The advantages of the application will appear from the following: The metal composing a spherical shot of any given diameter will, when put into a cylindric form of half that diameter, be equal in length to two and two-thirds of the same diameter. This would be projected from a gun of half the caliber of the former, containing, when properly proportioned with extra proportional strength, about one-third the weight of metal of the former, but allowing for and guarding against the effects of recoil on the discharge, supposing the weight of metal shall be equal to two-thirds of the former. The weight of powder may be something less for this than for a spherical shot of the same metal. The resistance of the atmosphere, if its forward end is a hemisphere, is only one-fourth of the former, or perhaps a little less, for the resistance of the air on bodies moving through it increases in a little higher ratio than the penetrating surface, and by giving the projectile a proper pointed form the resistance would be reduced about one-half more, so that the proper direct resistance suffered by the projectile would be but about one-eighth of that of the same metal in a spherical shape; but the resistance arising from friction would be somewhat increased with the surface, from which it is evident that the range of the shot would be greatly increased as well as its accuracy, and its efficiency in penetrating any obstacle would be increased in a very high ration, so that no practical bulwark, however strong, would be able to resist the action of large shot.
The common musket with this shot would be more efficient in a long distance than the best rifle. Heavy bombs could be thrown to a much greater distance and with more certain aim. The bomb for killing whales would weigh about twenty-five percent less than such as are now used for that purpose carrying the same amount of powder, as in this we should dispense with the shank and its appendages to guide the bomb, placing these wings on the cylindric surface of the bomb itself, and also save expense in fitting up, and the bomb might be projected effectually and do execution to a much greater distance, for in this a large part of the atmospherical resistance is avoided by dispensing with the shank, which has an enlargement at its rear extremity, increasing greatly its resistance. Consequently, a whale-bomb fitted with these wings, and of a given capacity for powder, will weigh less, will require a much smaller charge to project, will cause less recoil in the gun, will do efficient execution at a much greater distance, and can be fitted more cheaply than the whale-bombs now used.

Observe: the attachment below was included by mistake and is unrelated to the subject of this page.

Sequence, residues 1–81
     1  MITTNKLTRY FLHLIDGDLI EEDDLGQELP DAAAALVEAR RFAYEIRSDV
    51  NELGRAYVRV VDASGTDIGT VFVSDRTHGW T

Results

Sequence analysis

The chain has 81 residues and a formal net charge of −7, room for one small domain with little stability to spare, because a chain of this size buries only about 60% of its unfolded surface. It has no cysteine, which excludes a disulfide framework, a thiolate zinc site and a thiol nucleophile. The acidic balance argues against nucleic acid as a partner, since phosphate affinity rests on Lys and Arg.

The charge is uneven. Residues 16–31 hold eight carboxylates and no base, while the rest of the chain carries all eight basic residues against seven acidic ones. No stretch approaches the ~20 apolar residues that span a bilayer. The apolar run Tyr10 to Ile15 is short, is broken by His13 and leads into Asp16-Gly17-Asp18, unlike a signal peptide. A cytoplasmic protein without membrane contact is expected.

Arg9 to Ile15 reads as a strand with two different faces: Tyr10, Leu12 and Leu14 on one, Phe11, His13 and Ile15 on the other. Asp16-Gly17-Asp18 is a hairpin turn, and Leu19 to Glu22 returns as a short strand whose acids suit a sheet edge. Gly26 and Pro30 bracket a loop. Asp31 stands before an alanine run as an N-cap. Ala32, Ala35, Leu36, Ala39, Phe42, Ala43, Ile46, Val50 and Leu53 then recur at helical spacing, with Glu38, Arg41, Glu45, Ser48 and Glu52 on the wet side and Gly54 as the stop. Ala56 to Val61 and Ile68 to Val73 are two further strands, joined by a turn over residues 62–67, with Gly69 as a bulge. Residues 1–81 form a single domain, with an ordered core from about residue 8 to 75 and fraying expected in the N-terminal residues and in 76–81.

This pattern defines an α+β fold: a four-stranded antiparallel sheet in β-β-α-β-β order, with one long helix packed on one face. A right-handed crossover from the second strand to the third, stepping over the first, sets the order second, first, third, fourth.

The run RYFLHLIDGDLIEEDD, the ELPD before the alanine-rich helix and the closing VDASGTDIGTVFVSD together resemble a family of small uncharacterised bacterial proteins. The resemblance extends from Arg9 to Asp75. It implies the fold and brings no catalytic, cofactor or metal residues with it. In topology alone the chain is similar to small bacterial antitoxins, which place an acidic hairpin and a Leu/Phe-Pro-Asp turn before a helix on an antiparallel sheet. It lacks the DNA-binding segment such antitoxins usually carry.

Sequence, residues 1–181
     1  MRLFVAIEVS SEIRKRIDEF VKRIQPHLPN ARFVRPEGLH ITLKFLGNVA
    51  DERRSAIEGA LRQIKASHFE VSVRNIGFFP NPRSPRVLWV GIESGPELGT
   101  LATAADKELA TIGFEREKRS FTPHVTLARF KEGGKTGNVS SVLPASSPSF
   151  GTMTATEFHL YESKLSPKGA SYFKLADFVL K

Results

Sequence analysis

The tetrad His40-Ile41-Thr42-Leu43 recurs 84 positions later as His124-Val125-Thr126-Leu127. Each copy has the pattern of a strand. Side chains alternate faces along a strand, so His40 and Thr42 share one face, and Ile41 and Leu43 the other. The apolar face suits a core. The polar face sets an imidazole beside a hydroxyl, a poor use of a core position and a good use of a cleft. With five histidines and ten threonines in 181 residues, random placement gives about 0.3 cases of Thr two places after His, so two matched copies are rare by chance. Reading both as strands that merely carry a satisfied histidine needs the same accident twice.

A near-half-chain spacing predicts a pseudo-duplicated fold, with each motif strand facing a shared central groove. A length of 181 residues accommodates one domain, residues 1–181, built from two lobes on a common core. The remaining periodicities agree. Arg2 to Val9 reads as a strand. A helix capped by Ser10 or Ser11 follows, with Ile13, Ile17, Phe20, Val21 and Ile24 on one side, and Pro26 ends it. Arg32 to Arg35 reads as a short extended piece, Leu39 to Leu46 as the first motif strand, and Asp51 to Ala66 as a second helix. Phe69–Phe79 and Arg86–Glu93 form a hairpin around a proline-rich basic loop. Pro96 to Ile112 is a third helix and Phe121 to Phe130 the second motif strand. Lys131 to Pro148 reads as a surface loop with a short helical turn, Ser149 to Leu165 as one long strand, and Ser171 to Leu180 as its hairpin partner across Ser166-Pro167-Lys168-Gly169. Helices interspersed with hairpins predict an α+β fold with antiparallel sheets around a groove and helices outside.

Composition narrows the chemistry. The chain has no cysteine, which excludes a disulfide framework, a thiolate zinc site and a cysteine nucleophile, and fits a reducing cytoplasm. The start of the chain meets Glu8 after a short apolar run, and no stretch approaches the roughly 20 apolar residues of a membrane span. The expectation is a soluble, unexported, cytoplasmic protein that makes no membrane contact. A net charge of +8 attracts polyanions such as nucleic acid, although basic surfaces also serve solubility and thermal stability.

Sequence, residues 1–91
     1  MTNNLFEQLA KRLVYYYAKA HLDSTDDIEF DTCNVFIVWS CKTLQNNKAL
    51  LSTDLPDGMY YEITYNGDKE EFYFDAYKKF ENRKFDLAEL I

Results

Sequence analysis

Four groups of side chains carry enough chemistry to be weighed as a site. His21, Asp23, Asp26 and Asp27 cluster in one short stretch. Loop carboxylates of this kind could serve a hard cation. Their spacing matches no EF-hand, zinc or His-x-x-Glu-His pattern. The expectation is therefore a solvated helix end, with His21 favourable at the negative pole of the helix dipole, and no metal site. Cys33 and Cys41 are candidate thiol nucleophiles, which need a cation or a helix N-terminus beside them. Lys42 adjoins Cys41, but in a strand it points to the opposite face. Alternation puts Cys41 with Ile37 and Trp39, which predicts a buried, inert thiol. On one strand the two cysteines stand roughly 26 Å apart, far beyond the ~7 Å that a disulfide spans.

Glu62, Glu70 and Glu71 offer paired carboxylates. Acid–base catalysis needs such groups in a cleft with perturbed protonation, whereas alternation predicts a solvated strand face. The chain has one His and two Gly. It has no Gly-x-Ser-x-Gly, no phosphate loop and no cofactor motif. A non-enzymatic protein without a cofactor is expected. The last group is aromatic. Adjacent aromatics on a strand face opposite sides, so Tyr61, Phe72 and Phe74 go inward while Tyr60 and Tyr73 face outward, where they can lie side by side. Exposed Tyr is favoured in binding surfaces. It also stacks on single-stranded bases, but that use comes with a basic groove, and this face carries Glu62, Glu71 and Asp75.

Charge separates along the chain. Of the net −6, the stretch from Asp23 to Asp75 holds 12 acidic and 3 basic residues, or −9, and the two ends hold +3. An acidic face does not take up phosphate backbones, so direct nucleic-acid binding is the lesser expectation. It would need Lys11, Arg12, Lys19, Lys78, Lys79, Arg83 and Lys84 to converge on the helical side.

I do not claim the use of the folding wings on a projectile to guide and govern its direction, as these have been before used when thrown up by springs; neither do I claim their spiral position on the projectile; but
What I do claim as my invention, and for which I solicit Letters Patent, is -
1. The construction of the guiding-wings for a projectile to be fired from a gun of thin sheets of metal, having one of their edges folded around a piece of wire, or its equivalent, to form journals, on which the wings may turn as joints.
2. Applying these wings, either curved or plane, on the cylindric surface of a projectile, and either parallel to its axis or diagonally, in such form and position that the said wings may be closed down on the cylindric surface or on grooves thereon fitted to receive them, and by the action mainly of the air on the wings as the projectile is discharged they shall be opened or expanded, substantially as above described.
3. The application of wings, as above described, either with slight springs to force them from close contact with their seats when left free, so as to allow the air to act thereon to perfect their expansion, or by having a free passage for air beneath the wings, and giving them a slight inclination diagonally on the cylindric surface and without springs.
4. The construction and application of these wings slightly curved, composed of metal possessing sufficient elasticity to resume their curved form after being changed therefrom, so that if, while its rear end rests on its seat, the forward end of the wing is elevated there-from when free, then, if this end is also pressed down to its seat, it shall be raised again by its elasticity when left free from pressure, so that the action of the air on the exposed curve of the wings will force them open to their greatest capacity after being discharged from a gun.
Witnesses: CHAS. JAS. LYNMAN,